This is a picture of William Kamkwamba, giving a lecture at TED (Technology, Entertainment and Design) in 2007. He’s from Malawi, a small country in southeastern Africa. He’s an inventor, engineer, designer, author — and from what I can tell, a genuinely kind-spirited individual. He’s famous for teaching himself basic physics and engineering from a book he found in a library, and rigging together a electricity-generating windmill with scraps of material he found around his village and at a junk yard.
Kamkwamba’s story is a classic tale of ingenuity and how self-directed energy can lead individuals to discovery, invention and greatness. Kamkwamba pursued a dream with zeal, so it didn’t matter what his resources were. Passionate people tend to be pragmatic ones as well. He used what he had available and accomplished what should have been impossible. When someone has passion — or a will to do something — resources are secondary.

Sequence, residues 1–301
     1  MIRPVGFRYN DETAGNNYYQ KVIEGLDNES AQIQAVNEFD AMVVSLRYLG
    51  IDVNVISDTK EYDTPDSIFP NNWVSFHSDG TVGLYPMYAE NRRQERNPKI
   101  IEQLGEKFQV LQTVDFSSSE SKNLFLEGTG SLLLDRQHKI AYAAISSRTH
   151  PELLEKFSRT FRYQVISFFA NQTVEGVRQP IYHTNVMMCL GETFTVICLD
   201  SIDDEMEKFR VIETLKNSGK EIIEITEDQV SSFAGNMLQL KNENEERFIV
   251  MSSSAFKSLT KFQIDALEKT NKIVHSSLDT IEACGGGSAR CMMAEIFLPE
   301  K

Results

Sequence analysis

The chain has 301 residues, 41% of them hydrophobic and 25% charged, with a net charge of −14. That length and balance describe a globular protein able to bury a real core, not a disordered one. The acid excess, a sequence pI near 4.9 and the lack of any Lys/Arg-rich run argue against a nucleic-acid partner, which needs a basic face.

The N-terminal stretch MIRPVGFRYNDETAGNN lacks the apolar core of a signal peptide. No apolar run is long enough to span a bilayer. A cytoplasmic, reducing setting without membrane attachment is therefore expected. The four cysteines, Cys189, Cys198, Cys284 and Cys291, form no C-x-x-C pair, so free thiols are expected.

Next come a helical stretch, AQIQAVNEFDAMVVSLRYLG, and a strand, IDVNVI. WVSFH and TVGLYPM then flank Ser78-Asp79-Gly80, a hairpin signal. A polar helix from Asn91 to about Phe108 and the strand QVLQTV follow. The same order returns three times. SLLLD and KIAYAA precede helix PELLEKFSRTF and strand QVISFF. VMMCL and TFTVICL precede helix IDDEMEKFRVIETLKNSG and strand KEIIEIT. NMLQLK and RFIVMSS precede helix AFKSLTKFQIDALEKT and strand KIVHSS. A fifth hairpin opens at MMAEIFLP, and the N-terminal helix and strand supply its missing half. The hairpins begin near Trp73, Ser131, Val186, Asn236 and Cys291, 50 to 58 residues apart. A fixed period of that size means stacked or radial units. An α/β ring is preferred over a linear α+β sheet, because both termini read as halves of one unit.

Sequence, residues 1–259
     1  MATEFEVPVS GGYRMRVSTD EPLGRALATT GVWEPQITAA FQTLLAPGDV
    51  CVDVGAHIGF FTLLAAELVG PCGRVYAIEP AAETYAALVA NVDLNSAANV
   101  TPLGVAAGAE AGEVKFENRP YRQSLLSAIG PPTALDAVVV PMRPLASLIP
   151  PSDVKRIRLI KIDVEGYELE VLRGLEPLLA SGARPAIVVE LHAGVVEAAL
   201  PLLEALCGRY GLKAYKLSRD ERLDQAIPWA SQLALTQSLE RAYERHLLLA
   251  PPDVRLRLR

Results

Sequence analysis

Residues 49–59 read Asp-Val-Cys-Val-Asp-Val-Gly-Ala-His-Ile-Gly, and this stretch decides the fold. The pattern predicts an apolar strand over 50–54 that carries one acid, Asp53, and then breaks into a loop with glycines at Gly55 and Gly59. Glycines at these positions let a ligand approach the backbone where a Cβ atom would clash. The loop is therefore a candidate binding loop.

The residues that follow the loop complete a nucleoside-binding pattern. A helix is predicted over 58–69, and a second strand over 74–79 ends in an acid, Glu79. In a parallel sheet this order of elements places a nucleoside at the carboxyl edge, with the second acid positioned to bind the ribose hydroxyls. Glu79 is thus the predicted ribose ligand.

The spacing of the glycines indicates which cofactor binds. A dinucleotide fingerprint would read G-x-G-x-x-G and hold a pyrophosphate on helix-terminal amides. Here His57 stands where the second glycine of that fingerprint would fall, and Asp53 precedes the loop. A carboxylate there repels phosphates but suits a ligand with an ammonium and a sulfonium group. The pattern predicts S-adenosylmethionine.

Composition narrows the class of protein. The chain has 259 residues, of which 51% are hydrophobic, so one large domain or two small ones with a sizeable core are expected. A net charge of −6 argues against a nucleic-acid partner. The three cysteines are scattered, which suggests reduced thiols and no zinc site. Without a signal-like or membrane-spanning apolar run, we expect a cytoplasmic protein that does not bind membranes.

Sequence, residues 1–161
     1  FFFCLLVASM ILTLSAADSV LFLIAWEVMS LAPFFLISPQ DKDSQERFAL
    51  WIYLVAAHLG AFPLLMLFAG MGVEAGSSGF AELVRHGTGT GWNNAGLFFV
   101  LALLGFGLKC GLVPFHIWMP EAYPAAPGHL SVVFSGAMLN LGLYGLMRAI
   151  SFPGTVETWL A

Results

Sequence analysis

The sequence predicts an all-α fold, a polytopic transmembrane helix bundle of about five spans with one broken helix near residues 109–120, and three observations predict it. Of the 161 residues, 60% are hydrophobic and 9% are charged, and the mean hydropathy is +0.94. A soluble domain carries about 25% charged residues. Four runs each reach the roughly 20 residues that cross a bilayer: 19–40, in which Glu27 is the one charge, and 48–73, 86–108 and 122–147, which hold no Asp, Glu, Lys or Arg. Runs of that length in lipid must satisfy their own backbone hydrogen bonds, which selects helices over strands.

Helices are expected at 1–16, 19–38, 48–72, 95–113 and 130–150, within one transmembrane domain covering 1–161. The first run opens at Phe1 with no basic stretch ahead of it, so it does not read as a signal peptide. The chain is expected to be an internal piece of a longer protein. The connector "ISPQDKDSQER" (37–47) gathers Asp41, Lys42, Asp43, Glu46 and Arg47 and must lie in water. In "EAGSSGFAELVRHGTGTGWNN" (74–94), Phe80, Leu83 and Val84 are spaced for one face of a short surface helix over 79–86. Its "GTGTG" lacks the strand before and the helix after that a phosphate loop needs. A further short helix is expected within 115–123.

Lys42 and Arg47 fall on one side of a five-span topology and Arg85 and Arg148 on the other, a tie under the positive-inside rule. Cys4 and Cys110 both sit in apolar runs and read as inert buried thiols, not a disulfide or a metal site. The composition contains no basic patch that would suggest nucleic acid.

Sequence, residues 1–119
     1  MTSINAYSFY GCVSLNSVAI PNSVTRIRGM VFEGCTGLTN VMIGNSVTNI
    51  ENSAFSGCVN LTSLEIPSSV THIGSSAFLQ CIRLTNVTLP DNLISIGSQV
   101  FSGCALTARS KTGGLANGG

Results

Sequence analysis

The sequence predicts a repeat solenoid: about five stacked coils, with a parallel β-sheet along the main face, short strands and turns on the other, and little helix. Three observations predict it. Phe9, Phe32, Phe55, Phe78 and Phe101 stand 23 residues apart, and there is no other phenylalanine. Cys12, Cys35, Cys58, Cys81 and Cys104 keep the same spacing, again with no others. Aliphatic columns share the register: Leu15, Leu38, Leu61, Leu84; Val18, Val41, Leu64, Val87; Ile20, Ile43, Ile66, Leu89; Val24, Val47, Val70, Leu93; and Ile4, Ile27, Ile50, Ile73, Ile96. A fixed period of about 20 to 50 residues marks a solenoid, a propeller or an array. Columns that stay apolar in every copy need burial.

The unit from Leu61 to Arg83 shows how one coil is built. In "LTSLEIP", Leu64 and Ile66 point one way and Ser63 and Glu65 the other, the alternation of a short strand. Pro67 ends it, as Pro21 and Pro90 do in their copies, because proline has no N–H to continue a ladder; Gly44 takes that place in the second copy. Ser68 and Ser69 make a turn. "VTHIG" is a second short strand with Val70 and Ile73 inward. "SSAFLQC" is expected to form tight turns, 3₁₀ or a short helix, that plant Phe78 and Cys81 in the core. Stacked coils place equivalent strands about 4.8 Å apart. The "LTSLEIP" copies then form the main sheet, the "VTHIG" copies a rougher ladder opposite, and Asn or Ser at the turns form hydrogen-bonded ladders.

When I hear stories like Kamkwamba’s, I’m reminded of students living in the first world. In many cases, their situation is completely opposite of people like Kamkwamba. These people often have all the resources but none of the will — none of the passion.
I’m also reminded of Japanese English classrooms. The resource to passion ratio is stunning. Students have all the resources they need (and more) to become fluent in English, yet so many don’t.
There’s a tendency to blame results on resources. But what about the passion?
Give someone passion but few resources and anything is possible. But the opposite isn’t really true: Give people every resource but no passion and everything is impossible.
I’m tempted to say if we could simply inspire passion in students to learn English we could basically throw them scraps of newspapers and they would teach themselves. It’s an absurd notion, but I think you get my point.
There is a passion deficit in English classrooms. Students have every resource they are going to get. The missing link? You guessed it – Passion. Figure out how to bring that to the table and we’ve just changed the game of English education in Japan.